Originally appears in the Winter 2010-2011 issue
About a hundred years ago, Dr. Maria Montessori theorized that children should be allowed to move about their environment independently. She called this part of her curriculum “going out.” In the book Montessori Today, Paula Lillard explained that “Montessori felt that students’ sense of independence, growth, self-confidence and creativity could be greatly enhanced simply by going outside.” Following Montessori’s design, children, ages 3-6, would first “go out” to other parts of the school building. At 6-9 years of age, they would progress to going out into the schoolyard. In the next stage, 9-12 year olds would decide where they want to go in their community to enhance their learning. Local museums, town buildings, parks and stores become extensions of the classroom. Finally, at ages 12-15, students progress to the “Erdkinder” stage, where they would be free to use the community as their learning space.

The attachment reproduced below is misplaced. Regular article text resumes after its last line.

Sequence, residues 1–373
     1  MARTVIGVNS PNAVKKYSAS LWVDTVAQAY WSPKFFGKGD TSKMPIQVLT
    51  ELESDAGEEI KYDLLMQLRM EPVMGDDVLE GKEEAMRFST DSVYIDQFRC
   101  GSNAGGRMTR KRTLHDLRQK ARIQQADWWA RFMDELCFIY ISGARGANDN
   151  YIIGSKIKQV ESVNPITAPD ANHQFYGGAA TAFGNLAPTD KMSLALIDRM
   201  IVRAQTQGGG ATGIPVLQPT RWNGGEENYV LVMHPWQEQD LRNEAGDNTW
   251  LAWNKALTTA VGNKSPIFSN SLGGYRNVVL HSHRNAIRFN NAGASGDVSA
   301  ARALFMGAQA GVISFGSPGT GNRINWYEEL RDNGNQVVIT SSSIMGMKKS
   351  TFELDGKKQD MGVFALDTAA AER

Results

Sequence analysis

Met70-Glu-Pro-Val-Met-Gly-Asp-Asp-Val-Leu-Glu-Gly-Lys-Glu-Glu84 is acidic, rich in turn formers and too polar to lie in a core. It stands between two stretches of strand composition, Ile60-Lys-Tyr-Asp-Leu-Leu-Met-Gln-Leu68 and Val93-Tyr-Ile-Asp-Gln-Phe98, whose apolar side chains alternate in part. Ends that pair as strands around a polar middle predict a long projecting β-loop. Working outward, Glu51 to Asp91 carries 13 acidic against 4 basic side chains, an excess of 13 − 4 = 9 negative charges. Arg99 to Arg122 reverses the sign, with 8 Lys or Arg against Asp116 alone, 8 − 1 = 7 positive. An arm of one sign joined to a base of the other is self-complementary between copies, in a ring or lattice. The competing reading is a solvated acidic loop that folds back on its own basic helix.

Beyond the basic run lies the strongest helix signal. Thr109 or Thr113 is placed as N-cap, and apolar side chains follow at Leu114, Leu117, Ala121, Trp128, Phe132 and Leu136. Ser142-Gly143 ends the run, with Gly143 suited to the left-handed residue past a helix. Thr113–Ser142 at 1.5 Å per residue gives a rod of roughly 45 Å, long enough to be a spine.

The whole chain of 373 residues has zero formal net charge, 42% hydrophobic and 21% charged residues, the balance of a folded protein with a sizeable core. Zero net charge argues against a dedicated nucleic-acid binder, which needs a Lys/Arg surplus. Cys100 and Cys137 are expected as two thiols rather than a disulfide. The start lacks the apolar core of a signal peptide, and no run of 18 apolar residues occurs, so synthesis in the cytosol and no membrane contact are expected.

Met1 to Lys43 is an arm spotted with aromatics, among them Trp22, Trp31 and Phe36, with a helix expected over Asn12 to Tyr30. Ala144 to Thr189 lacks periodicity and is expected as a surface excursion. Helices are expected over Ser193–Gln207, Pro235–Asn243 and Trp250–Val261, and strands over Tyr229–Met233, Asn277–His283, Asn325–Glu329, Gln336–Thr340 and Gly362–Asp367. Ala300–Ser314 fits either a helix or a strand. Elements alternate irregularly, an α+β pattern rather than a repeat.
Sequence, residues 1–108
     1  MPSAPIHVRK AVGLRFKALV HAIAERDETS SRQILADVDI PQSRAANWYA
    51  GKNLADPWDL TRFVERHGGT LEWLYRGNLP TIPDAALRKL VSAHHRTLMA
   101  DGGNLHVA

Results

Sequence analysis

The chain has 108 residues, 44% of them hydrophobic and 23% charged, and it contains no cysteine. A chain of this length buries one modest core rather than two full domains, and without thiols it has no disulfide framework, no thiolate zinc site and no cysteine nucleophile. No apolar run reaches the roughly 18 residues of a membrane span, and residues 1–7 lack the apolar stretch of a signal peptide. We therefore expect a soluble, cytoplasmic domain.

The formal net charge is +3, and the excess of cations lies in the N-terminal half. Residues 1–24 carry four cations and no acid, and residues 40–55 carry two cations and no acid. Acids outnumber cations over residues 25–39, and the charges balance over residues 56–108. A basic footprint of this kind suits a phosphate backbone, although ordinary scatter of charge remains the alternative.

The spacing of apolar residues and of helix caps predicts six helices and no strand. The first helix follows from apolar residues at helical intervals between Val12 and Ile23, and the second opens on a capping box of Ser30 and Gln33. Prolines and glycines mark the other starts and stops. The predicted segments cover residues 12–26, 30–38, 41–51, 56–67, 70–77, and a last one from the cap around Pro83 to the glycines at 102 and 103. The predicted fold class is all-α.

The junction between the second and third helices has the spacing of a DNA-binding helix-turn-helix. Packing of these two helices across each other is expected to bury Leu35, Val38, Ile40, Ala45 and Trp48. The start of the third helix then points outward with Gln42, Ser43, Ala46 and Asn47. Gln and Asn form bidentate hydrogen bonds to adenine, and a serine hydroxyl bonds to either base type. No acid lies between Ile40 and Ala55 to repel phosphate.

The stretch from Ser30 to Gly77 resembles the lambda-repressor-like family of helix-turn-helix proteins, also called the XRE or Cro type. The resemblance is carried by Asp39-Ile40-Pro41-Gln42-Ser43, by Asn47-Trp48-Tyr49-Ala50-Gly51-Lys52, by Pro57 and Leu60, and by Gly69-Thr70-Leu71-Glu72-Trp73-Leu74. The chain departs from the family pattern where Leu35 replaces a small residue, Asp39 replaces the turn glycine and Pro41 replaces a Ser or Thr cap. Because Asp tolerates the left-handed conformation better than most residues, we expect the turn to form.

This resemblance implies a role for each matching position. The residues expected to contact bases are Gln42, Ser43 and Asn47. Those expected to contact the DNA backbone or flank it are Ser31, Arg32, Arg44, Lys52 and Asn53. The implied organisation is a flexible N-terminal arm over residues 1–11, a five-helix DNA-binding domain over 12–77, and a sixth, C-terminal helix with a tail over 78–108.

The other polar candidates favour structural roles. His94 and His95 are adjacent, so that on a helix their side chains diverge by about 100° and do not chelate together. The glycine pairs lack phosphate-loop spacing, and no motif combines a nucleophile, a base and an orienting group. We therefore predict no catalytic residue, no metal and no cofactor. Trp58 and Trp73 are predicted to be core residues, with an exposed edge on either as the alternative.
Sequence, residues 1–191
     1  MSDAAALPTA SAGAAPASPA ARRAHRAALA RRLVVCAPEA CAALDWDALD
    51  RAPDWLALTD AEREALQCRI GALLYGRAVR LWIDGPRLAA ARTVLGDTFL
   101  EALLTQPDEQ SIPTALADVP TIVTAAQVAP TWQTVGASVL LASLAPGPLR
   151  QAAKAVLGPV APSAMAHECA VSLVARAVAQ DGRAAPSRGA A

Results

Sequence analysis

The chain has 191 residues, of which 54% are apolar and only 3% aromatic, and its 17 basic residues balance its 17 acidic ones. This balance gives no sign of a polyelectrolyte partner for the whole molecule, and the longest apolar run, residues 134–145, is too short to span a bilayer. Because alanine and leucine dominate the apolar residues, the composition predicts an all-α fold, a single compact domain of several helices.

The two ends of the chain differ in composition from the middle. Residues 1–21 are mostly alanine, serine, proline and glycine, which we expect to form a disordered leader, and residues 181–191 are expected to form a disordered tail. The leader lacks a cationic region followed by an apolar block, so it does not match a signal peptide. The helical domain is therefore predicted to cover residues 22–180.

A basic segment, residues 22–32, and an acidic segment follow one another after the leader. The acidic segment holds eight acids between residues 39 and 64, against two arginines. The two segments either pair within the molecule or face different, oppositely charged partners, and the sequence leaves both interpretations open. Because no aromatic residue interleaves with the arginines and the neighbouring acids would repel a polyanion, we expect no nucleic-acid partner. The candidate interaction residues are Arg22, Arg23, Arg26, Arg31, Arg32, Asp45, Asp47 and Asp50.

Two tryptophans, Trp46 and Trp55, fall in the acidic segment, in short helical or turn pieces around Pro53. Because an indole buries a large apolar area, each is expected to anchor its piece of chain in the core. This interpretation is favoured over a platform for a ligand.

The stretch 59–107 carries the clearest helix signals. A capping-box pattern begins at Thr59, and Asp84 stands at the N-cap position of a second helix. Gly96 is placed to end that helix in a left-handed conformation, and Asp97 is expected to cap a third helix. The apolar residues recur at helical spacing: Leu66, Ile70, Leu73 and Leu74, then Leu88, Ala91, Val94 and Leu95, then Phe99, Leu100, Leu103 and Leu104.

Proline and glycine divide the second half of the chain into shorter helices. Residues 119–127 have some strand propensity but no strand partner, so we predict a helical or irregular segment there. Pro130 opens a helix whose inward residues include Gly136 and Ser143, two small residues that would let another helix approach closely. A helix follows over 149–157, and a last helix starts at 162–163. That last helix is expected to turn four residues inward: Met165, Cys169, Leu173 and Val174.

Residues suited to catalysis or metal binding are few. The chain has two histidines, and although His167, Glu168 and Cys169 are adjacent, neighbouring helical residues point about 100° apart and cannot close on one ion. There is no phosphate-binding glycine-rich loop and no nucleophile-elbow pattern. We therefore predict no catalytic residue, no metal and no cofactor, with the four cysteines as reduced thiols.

Current research corroborates Montessori’s ideas and augments it with findings that going outside actually enhances learning. When children have regular contact with nature, in an unstructured way, they are more attentive, observant, creative and self-content. In Last Child in the Woods, author Richard Louv sites a study of children diagnosed with ADHD at the University of Illinois where “attention performance for un-medicated children clinically diagnosed with ADHD was better after a simple 20 minute walk in a park, with a natural setting, than it was after a walk through a well-kept downtown and residential area.” Interestingly, the outdoor time is not organized physical activity, but simply having access to nature. Louv explains that simply being outside in nature is more restorative than physical activity.
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Joyce F. Nett teaches 9-12 year-olds in the Upper Elementary classroom at Lexington Montessori School in Lexington, Massachusetts.